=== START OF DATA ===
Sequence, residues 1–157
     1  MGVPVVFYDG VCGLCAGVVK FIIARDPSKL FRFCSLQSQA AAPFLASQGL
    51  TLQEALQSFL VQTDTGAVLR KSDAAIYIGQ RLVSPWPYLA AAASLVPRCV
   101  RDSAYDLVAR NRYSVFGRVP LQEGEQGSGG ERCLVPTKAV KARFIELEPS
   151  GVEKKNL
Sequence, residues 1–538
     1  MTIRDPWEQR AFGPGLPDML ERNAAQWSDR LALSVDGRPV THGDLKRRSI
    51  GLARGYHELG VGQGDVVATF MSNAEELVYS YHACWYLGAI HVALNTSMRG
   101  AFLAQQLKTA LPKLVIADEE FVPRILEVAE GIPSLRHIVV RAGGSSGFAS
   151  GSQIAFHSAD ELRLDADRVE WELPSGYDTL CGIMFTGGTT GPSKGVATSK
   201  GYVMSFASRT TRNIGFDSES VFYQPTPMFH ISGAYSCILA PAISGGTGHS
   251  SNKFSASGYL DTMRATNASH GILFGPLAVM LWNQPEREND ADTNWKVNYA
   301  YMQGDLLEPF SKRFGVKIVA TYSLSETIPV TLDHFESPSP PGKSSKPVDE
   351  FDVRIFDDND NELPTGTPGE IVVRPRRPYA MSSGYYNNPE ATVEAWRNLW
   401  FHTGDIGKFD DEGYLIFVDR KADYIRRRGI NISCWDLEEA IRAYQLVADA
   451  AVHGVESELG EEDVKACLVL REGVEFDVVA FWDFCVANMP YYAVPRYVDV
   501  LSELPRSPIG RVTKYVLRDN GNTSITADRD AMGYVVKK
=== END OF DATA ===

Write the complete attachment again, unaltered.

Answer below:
Sequence, residues 1–157
     1  MGVPVVFYDG VCGLCAGVVK FIIARDPSKL FRFCSLQSQA AAPFLASQGL
    51  TLQEALQSFL VQTDTGAVLR KSDAAIYIGQ RLVSPWPYLA AAASLVPRCV
   101  RDSAYDLVAR NRYSVFGRVP LQEGEQGSGG ERCLVPTKAV KARFIELEPS
   151  GVEKKNL
Sequence, residues 1–538
     1  MTIRDPWEQR AFGPGLPDML ERNAAQWSDR LALSVDGRPV THGDLKRRSI
    51  GLARGYHELG VGQGDVVATF MSNAEELVYS YHACWYLGAI HVALNTSMRG
   101  AFLAQQLKTA LPKLVIADEE FVPRILEVAE GIPSLRHIVV RAGGSSGFAS
   151  GSQIAFHSAD ELRLDADRVE WELPSGYDTL CGIMFTGGTT GPSKGVATSK
   201  GYVMSFASRT TRNIGFDSES VFYQPTPMFH ISGAYSCILA PAISGGTGHS
   251  SNKFSASGYL DTMRATNASH GILFGPLAVM LWNQPEREND ADTNWKVNYA
   301  YMQGDLLEPF SKRFGVKIVA TYSLSETIPV TLDHFESPSP PGKSSKPVDE
   351  FDVRIFDDND NELPTGTPGE IVVRPRRPYA MSSGYYNNPE ATVEAWRNLW
   401  FHTGDIGKFD DEGYLIFVDR KADYIRRRGI NISCWDLEEA IRAYQLVADA
   451  AVHGVESELG EEDVKACLVL REGVEFDVVA FWDFCVANMP YYAVPRYVDV
   501  LSELPRSPIG RVTKYVLRDN GNTSITADRD AMGYVVKK